Holocaust

Holocaust Holocaust, originally, a religious rite in which an offering was entirely consumed by fire. In current usage, holocaust refers to any widespread human disaster, but as the term Holocaust it means the almost complete destruction of European Jews by Nazi Germany When the Nazi regime came to power in Germany in 1933, it immediately began to take systematic measures against Jews. The Nazi Party, government agencies, banks, and business enterprises made concerted efforts to eliminate Jews from economic life, and from German life in general. In 1938, following the assassination of a German diplomat in Paris by a young Jew, all synagogues in Germany were set on fire, windows of Jewish shops were smashed, and thousands of Jews were arrested. This “Night of Broken When World War II began in 1939, the German army occupied the western half of Poland, bringing almost 2 million more Jews under Germany’s control.

Polish Jews were forced to move into ghettos surrounded by walls and barbed wire. Unemployment, malnutrition, and poverty were widespread; housing was overcrowded; and typhus was common. In June 1941 German armies invaded the Union of Soviet Socialist Republics (USSR), and soldiers in special units were dispatched to kill all Soviet Jews on the spot. A month after operations began in the USSR, Hermann Gring, the second in command of Nazi Germany, sent a directive to Reinhard Heydrich, chief of the Reich Security Main Office, charging him with the task of organizing a “final solution to the Jewish question” in all of German-dominated Europe. Jews in Germany were then forced to wear badges or armbands marked with a yellow star. Soon the Nazis deported tens of thousands to ghettos in Poland and to occupied Soviet cities.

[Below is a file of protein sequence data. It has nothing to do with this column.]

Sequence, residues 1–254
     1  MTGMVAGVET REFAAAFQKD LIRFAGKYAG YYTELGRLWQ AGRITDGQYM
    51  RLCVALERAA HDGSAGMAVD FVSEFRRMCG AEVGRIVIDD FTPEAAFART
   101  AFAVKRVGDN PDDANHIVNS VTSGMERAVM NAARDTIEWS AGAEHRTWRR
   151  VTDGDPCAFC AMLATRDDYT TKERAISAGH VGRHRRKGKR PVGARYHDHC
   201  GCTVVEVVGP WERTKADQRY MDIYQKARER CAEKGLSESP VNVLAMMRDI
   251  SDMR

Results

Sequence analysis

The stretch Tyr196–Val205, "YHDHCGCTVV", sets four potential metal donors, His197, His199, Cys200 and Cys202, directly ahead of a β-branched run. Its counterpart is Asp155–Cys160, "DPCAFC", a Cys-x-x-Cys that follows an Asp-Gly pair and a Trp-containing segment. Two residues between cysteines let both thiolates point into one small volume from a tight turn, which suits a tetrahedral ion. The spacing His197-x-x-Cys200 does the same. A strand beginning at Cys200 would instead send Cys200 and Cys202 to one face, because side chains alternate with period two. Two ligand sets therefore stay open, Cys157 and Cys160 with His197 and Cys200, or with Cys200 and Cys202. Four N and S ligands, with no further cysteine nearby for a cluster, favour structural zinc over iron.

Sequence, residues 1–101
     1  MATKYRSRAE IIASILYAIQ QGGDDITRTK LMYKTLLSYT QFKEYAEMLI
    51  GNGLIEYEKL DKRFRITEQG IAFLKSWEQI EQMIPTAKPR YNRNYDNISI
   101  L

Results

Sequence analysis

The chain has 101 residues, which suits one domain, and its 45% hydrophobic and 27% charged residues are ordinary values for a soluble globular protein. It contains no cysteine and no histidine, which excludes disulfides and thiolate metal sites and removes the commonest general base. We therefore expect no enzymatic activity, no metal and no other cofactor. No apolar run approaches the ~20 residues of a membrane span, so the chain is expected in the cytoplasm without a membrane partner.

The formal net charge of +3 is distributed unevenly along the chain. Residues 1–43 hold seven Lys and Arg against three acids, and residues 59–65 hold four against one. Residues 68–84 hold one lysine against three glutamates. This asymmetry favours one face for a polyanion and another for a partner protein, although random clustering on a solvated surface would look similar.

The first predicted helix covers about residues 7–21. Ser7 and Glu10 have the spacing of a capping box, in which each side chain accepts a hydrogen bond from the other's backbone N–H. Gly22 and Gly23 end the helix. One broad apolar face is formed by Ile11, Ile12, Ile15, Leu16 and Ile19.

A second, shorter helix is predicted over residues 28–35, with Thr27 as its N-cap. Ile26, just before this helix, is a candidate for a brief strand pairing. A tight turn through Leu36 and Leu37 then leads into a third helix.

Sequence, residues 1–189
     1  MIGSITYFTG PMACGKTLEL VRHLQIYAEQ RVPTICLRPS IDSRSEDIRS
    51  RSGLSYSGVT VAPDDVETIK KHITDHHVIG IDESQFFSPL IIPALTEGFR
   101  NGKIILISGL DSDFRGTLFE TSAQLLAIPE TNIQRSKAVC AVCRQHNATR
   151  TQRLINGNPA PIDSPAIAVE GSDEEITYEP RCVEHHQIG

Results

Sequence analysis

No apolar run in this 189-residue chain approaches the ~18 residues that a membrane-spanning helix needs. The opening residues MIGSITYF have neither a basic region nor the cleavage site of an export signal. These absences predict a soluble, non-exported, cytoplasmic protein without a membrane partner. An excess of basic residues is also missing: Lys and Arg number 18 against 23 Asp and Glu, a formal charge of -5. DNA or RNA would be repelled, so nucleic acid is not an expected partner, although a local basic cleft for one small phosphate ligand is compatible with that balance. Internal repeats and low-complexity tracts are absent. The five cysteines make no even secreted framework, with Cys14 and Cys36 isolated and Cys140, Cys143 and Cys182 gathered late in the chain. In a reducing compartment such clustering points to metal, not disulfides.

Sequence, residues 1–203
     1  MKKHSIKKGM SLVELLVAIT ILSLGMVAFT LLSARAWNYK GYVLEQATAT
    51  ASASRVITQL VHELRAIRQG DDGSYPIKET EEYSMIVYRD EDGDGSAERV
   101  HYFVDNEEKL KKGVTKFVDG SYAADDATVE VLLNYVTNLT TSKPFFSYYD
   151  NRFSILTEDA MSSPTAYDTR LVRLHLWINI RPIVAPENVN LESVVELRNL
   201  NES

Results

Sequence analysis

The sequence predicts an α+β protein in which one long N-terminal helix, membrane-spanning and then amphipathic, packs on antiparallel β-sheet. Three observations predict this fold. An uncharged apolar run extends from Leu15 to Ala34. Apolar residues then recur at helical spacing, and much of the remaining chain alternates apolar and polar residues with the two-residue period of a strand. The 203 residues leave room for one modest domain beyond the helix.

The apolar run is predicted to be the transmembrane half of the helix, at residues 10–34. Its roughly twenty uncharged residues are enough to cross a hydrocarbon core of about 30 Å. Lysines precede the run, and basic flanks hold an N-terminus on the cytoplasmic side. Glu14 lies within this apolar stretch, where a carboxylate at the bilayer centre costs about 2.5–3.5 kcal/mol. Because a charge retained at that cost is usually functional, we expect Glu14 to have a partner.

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Death camps, or concentration camps, equipped with gas chambers were erected in occupied Poland. People were deported from the ghettos; although their destinations were not disclosed, reports of mass deaths eventually reached surviving Jews, as well as the governments of the United States and Britain. Wherever possible, the Germans confiscated the deportees’ belongings and bank accounts. Auschwitz, near Krakw, was the largest concentration camp, with inmates from all over Europe. Many Jewish and non-Jewish inmates performed industrial labor.

The Nazis subjected some prisoners to medical experiments and gassed Jews and Roma (Gypsies). They also shot thousands of inmates, while others died from starvation or disease. Large crematories were constructed to incinerate bodies. By the end of the war in 1945, millions of Jewsas well as Slavs, Roma, homosexuals, Jehovah’s Witnesses, Communists, and others targeted by the Nazishad been killed or had died in the Holocaust. The Museum of Tolerance in Los Angeles and the United States Holocaust Memorial Museum in Washington, D.C., opened in 1993 to commemorate the Holocaust.